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Portrait of a Man on a Modern Bust

Roman art


The head of this sculpture bears the features of a mature man and is placed atop a modern bust. The forehead is framed by a triangle of long hair parted down the middle to form two symmetrical waves gathered in a bun on top of the head. The beard covering the lower portion of the cheeks is rendered in short curls in a strong relief. The interpretation of this figure was object of debate for a long time, especially because of the hairstyle, quite unusual in Roman iconography and considered closer to the Celtic or the Indian worlds, yet reproduced in a number of analogous works. It is seemingly identifiable with a head of ‘Hannibal’ listed among the items acquired by the Borghese family when they purchased the Della Porta collection in 1609, later mentioned in the first enclosure of the gardens of Villa Borghese on the Viali di Mezzogiorno. The linearity of the hair at the top of the forehead and the marked curls of the beard carved with a drill seem to suggest this work may be dated to the second century CE. 


Object details

Inventory
LXVII
Location
Date
II secolo d.C.
Classification
Medium
bigio morato marble
Dimensions
altezza con busto cm 73; altezza della testa cm 73
Provenance

Borghese Collection, possibly from the Della Porta Collection (de Lachenal, p. 90); in the Park of the Villa, likely identifiable with a piece mentioned in 1650 in the first enclosure, on the Viali di Mezzogiorno (Manilli, p. 10), and in 1893 in the Villa in Room 1 (Venturi, p. 20). Inventario Fidecommissario Borghese, 1833, C., p. 46, no. 79. Purchased by the Italian State, 1902.

Conservation and Diagnostic
  • 1996- 97 - Consorzio Capitolino di Elisabetta Zatti ed Elibetta Caracciolo

Commentary

This sculpture may be the ‘very large antique head that can be identified as being of Greek manufacture from the hair tied in the middle’, mentioned in the Viali di Mezzogiorno in the first enclosure of the gardens of Villa Borghese in 1650 and in 1700 (Manilli 1650, p. 10; Montelatici 1700, p. 19). The work is also akin to one purchased by the Borghese family from Giovanni Paolo Della Porta in 1609. In fact, the list that accompanied the sale included: ‘One black marble head of Hannibal Carthaginian with modern white chest h. p. 4½’ (AB 456, tomo 59, mazzo F, no. 303: de Lachenal 1982, p. 90). The head depicts a mature man, his hair arranged in tidy strands parted above the forehead and elegantly gathered in a bun at the back. The head is partially bent and turned to the left; the mournful, thoughtful expression of the face is underlined by the furrowed brow, with a long horizontal line and knit eyebrows. The eyes are almond-shaped and surmounted by heavy lids. The beard is made up of very tight curls deeply carved with a drill; the cheekbones and upper cheeks are bare. The identification of this figure appears to have been vastly debated. Venturi, who was the first to mention it inside the Palazzina in Room 1, defined it ‘the head of a barbarian’, while Calza thought it must be a Celtic figure, set on a modern bust (1893, p. 20; 1957, p. 14, no. 138). In 1928, Bienkowski studied a series of portraits with a ‘cirrus on the top of the head’. He believed the Borghese specimen to be the portrait of an Indian official and related Cassius Dio’s report of an Indian embassy in Rome in Trajan’s time (Cassius Dio, Roman History, LXVIII, 15,1). This scholar refutes Arndt’s opinion that the figure represented a eunuch priest of Cybele and included it in the so-called Aphroditos type, typical of the followers of an oriental divinity who offered sacrifices clad in women’s clothes. Bienkowski further identified a connection with the figure of Buddha, who had a similar bun that was considered the repository of his wisdom by his followers. (Bienkowski 1928, p. 228; Arndt 1894, cc. 2794–2795). Taddei did not embrace the Oriental origin of this iconography and instead referred it to models imported into India from classical Greece (1962, pp. 288–310).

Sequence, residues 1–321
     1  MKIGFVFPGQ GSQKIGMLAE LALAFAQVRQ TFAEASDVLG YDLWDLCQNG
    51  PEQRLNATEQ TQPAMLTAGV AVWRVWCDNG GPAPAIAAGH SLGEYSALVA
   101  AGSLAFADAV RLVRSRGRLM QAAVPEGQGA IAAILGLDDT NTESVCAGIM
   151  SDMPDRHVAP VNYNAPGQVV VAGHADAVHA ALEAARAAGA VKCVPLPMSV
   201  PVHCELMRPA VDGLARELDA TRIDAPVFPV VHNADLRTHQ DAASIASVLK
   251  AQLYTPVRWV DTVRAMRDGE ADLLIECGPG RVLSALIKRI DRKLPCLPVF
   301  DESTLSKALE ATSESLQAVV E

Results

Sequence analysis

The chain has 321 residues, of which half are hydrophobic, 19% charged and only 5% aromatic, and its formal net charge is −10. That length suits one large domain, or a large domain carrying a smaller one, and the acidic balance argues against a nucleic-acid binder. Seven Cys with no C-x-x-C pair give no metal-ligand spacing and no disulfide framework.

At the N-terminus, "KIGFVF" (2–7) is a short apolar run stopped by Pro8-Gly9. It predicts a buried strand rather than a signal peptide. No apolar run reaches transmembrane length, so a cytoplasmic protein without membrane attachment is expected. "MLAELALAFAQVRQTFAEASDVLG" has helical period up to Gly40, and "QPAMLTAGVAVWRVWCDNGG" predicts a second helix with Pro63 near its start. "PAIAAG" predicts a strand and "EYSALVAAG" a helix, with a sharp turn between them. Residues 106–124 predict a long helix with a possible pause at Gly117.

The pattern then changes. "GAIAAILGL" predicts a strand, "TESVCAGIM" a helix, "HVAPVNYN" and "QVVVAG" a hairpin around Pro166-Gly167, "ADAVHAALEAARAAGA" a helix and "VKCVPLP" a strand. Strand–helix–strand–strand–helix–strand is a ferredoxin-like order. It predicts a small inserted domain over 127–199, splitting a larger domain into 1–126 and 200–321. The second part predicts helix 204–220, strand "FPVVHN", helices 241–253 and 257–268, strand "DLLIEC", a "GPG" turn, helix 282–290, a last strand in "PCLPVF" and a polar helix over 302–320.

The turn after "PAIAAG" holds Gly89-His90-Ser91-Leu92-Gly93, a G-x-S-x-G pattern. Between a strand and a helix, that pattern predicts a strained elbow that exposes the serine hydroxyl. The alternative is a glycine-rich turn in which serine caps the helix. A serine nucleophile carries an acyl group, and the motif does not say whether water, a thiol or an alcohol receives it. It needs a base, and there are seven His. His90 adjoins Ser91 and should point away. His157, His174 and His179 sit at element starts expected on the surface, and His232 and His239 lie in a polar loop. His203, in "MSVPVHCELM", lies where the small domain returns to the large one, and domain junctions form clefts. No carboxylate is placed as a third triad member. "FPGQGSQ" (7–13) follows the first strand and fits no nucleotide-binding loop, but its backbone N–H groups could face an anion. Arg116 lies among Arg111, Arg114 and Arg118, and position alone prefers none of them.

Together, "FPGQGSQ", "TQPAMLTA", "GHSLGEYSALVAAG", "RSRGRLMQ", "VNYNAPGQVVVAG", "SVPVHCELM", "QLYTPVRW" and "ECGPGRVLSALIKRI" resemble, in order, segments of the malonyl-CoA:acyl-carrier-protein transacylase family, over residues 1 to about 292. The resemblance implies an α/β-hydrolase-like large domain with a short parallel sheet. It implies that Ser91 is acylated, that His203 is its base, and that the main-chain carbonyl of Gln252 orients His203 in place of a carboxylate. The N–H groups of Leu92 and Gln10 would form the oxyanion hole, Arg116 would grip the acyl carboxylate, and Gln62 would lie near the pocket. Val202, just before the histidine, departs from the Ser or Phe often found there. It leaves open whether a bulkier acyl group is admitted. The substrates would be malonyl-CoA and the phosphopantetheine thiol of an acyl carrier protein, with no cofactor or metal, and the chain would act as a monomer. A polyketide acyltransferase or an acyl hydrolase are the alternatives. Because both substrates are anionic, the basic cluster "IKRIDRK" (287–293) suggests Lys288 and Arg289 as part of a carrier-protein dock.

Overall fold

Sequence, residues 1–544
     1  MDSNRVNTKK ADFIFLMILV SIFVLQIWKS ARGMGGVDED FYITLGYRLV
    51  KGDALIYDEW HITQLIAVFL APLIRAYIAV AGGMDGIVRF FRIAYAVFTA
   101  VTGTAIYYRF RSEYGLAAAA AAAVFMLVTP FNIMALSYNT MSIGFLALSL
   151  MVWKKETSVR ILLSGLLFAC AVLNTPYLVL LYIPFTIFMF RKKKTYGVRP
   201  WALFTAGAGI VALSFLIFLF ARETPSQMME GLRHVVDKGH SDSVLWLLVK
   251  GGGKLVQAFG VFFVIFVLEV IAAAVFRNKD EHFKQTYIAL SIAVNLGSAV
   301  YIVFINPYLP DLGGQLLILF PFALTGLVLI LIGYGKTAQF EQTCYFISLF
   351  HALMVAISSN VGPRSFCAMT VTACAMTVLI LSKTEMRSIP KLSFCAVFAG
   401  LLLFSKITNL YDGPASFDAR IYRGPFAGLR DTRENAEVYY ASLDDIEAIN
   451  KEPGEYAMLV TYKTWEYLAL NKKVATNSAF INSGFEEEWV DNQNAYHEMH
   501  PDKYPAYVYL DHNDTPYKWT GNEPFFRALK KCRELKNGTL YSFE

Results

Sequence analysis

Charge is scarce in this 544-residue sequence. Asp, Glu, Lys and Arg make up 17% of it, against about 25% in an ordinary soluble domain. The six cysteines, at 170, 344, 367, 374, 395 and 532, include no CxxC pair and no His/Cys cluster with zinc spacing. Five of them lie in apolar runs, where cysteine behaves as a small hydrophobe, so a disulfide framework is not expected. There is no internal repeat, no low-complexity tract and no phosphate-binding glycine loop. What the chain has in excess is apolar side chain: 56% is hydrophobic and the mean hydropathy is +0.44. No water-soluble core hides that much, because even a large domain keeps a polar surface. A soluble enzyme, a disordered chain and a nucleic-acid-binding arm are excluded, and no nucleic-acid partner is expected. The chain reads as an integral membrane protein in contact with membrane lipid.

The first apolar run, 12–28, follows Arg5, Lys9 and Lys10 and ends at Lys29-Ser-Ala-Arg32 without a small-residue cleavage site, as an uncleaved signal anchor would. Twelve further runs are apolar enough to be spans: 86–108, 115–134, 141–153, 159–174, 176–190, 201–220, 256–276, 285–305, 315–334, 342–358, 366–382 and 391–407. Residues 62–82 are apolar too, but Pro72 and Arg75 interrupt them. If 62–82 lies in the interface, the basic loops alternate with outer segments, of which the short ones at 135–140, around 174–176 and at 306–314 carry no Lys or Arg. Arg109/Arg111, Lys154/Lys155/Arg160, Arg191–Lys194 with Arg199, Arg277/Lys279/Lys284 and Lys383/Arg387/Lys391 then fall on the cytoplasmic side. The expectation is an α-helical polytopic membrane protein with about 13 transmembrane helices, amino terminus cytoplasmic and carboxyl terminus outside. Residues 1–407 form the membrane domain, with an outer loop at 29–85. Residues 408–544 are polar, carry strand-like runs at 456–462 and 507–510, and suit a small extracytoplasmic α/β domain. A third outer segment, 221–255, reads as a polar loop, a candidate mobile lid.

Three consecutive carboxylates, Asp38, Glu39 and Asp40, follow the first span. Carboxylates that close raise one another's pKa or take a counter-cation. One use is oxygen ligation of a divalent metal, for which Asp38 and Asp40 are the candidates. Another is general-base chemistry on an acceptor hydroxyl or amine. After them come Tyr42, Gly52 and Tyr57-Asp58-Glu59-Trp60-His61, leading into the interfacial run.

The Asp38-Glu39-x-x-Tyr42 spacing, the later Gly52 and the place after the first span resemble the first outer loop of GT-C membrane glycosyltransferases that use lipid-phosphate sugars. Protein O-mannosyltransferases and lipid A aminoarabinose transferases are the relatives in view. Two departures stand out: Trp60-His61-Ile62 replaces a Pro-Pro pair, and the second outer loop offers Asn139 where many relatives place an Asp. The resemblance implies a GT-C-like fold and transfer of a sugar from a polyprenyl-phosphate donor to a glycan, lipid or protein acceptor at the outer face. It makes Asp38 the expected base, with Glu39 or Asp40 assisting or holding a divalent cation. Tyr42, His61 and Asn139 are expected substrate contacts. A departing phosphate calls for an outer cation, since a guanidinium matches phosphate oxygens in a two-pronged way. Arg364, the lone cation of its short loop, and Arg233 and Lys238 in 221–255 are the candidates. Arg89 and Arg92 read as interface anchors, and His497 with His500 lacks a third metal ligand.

Lastly, Moreno at first deemed it a second century production based on the comparison with a similar portrait preserved at the Museo Nazionale Romano and considered by Bracco a replica of a Hellenistic original of Alexandrine influence. Later, however, the author questions its antiquity and advances the hypothesis that it might be a modern piece, datable to the sixteenth century (Moreno 2000, p. 73, no. 13; 2003, pp. 155–156, no. 122).

As observed by Bienkowski, the Borghese portrait seems to resemble a series of analogous portraits that present strong similarities, albeit with some variations, such as in the hair raised on the temples, in the almond shape of the eyes and the troubled expression. Among these, a particular similarity may be observed in a head preserved at the Prado Museum in Madrid, in one belonging to the Albani collection, in another held in Palazzo Corsini in Rome and one at the Museo Nazionale Romano (Schröder 2004, pp. 451–454; Schneider 1998, pp. 542–543, no. 1000; Matz, Duhn 1881, p. 351, no. 1198; Bracco 1966, pp. 73–74, no. 1000).

The linearity of the hair and the strong relief of the curls of the beard suggest that the work might be dated to the second century CE, though it has undergone significant restorations.

Giulia Ciccarello




Bibliography
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  • D. Montelatici, Villa Borghese fuori di Porta Pinciana con l’ornamenti che si osservano nel di lei Palazzo, Roma 1700, p. 19.
  • F. Matz, F. K. von Duhn, Antike Bildwerke in Rom: mit Ausschluss der grösseren Sammlungen, Leipzig 1881, p. 351, n. 1198.
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  • Scheda di catalogo 12/0147851, P. Moreno 1976; aggiornamento G. Ciccarello 2020.